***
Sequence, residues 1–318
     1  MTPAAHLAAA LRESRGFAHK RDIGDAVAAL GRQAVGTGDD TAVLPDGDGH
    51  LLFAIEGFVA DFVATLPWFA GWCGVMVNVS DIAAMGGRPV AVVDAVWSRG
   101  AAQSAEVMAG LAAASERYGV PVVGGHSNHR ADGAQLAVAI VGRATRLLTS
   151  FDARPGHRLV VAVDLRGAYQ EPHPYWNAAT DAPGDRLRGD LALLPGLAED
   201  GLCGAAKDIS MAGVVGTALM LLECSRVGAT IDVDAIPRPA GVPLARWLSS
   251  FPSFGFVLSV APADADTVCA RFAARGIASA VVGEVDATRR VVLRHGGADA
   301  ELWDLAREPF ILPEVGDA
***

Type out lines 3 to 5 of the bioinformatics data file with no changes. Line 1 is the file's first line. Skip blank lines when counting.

    51  LLFAIEGFVA DFVATLPWFA GWCGVMVNVS DIAAMGGRPV AVVDAVWSRG
   101  AAQSAEVMAG LAAASERYGV PVVGGHSNHR ADGAQLAVAI VGRATRLLTS
   151  FDARPGHRLV VAVDLRGAYQ EPHPYWNAAT DAPGDRLRGD LALLPGLAED